Towner Gallery, Eastbourne

I wanted to see the watercolours of East Sussex war artist Eric Ravilious (1903-1942), whose life ended tragically off Iceland.  The work is unmistakably 1930’s-40’s, you can almost sense Foyle, from the Hastings television series, in the Train Landscape, 1940.  The work is charming, modest and muted, ably recording a period in history that is long gone.  The absence of people creating disquiet, rather the peace.

Eric Ravilious, Train Landscape, 1940

Train Going Over a Bridge at Night 1935

By comparison, the work of Cornish painters Roger Hilton, Alan Davie, Ben Nicholson and Patrick Heron, brought together by William Gear, as curator 1958-64, though only 20 years later than Ravilious, could have been painted in a different century.

Roger Hilton, November ’64

AlanDavie, SeaGate, 1960

Alan Davie, Sea Gate ’60

I am not familiar with Davie’s work, which appears so at odds with landscape colours of the St Ives painters, but I was captivated by this work, with good reason.  A Scotsman from Stromness, born in 1920, he travelled extensively, finally settling in Treen near Lands End in 1960, until his death last year.   He painted automatically, with the intention of releasing the unconscious and was fascinated by the work of Carl Jung, maintaining that his symbols had meaning.  I will be returning to his work as part of my research question.

By further contrast, there were a number of works by the Bloomsbury artists Duncan Grant, Vanessa Bell and Roger Fry, whose lives I have been researching for some colour work I am experimenting with.

Duncan Grant - The Glade, Firle Park, East Sussex (1943)

Duncan Grant, The Glade Firle Park 1943

Two works caught my attention for because of the subject’s eyes, but for very different reasons.  The first was an unremarkable arable painting of 1889 by Sir George Claussen, Ploughing.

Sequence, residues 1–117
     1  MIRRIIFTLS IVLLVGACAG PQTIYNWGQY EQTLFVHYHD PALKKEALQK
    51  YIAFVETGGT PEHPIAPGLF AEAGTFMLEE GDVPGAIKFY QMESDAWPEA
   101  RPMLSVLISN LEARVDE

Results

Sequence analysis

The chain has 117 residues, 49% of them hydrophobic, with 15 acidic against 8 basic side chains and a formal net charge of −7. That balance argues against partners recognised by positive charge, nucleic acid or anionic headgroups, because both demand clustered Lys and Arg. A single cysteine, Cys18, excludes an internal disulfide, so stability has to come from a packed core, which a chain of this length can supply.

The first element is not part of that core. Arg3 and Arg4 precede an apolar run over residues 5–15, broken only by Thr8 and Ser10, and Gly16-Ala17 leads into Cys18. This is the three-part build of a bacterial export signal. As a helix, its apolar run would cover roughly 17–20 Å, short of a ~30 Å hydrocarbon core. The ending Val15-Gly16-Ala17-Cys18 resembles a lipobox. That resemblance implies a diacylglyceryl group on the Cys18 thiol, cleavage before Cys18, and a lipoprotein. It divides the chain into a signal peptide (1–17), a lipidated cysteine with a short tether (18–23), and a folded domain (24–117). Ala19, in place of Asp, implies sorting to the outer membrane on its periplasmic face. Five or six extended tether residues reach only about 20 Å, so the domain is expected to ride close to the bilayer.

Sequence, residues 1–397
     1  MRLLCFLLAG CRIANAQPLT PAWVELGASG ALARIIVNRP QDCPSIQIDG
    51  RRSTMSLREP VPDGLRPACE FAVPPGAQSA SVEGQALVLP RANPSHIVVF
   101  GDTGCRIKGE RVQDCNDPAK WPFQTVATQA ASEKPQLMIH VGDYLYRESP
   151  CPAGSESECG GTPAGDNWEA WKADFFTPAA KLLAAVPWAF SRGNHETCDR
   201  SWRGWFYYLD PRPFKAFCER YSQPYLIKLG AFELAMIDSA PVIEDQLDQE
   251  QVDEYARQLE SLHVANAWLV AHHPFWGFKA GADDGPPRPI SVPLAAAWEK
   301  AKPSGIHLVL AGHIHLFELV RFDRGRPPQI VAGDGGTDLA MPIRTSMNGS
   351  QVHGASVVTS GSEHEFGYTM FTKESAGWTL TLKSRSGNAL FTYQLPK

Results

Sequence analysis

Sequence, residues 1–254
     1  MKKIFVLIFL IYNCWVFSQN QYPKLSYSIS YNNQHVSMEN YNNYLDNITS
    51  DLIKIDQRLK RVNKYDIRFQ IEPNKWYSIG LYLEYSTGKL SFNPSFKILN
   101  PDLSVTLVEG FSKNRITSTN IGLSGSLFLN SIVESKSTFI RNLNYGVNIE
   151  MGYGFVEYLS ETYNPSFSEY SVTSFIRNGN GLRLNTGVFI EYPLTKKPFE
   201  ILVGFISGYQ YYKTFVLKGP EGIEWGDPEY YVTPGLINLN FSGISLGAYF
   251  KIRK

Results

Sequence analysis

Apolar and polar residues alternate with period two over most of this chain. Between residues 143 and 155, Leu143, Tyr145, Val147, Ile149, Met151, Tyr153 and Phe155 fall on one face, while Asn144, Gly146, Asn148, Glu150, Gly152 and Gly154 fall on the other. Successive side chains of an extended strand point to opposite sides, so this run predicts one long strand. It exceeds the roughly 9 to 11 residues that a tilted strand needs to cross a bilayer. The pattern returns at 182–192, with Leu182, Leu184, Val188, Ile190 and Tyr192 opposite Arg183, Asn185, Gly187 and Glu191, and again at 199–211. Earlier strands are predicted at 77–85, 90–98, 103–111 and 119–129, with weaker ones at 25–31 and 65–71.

It isn’t evident in the reproduction but the face of the child has a quality that can only be described as out of it’s time.  Painted in a modern style, that is not replicated elsewhere in the work, the eyes cannot be ignored.

The second work was part of Julian Germain’s  photographic exhibition, The Future is Ours, premiered at the Towner.  Here reviewed  in  Wall Street International

The works taken in classrooms from as far away as Yemen and Peru, show children at work.  On one large wall there is a projected work.  It is only after a few minutes that you notice that it is a video, with the pupils motionless, apart from the occasional slight movement.  Once you start to look more closely and move from side to side through the work you become aware that the eyes appear to be following you.  Irrational but thought provoking.

Author: susanmilleruk

Watercolour painter living, working and loving Hastings and St Leonards on Sea. MA in Fine Art.

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